Casey Grove: So could it happen here in Alaska?

BH: It could. I think we do a good job of planning. We haven’t had a major outage, knock on wood for many, many years. And so I think we do a pretty good job of it at this point in time.

CG: So I wanted to ask when you said a major power outage, what are some of those that have occurred in the past. What caused them and I guess were there changes made after that to improve the system?

BH: The last three significant blackouts are what we call them where we lost the entire grid. and it collapsed and had to be restarted from what we call ‘black start’ where there is no electricity. One occurred in 1989 and then there was an Anchorage bowl blackout in 1995. And then in ’96, and ’97, we had system-wide blackouts.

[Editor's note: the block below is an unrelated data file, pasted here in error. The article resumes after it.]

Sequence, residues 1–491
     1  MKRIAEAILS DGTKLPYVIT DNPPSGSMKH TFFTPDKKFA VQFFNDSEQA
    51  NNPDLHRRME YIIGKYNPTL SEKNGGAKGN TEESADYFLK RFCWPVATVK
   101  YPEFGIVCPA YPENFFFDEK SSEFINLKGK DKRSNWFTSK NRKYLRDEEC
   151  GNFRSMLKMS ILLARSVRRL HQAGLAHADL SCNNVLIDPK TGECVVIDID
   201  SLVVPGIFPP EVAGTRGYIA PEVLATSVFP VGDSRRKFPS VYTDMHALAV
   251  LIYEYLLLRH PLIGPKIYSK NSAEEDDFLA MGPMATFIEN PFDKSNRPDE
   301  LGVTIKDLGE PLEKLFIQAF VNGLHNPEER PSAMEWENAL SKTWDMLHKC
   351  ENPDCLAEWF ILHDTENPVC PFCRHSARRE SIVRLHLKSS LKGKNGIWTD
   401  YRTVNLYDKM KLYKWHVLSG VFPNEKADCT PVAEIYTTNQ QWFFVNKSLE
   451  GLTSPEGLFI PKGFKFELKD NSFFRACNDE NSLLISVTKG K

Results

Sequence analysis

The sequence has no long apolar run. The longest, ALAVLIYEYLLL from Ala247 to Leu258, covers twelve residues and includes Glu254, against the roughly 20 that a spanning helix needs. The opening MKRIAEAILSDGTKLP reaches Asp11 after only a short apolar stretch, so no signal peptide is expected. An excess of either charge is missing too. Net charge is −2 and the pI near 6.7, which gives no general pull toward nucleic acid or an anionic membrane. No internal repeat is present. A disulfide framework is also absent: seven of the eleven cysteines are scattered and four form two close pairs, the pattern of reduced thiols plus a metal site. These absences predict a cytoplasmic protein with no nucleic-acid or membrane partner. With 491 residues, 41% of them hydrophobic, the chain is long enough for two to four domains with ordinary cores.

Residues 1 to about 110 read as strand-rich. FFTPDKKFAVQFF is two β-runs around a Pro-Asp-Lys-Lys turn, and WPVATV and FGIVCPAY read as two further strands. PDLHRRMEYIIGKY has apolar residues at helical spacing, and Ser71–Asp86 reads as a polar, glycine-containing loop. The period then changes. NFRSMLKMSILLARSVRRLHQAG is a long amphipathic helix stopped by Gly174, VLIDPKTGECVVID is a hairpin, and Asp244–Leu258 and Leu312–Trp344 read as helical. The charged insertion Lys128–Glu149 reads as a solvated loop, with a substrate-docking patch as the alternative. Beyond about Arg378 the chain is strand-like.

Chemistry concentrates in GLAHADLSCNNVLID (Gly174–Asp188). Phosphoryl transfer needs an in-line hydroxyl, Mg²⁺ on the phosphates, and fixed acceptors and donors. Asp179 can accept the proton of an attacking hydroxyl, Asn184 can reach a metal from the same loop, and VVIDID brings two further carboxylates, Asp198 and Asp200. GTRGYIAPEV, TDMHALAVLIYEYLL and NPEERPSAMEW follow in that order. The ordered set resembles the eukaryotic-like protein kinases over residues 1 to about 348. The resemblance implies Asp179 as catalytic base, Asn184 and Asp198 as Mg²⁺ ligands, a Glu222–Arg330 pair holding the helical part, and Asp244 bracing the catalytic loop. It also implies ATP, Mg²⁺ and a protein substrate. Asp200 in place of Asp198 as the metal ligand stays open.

They were caused by interesting things. The ’89 blackout was a gas valve that failed at the Beluga Power Plant and shut off the whole plant. And really, at the end of the day, it was a little piece of wire about the size of a large paperclip that snapped and a design flaw that the main primary gas valve to the plant failed closed.

In ’95 Anchorage and the Mat-Su went down. We had a straight insulator, which is one of the big gray glass things that holds a wire off a pole – you see them when you’re driving down the road – that failed. That was a result of a bad set of insulators. It was a manufacturing flaw. So stepping back, for the ’89 blackout, we put in multiple gas valves and made sure that when they failed, they failed open. For the strut insulator failures, we replaced all those insulators. We found all the bad ones, we inspected every insulator.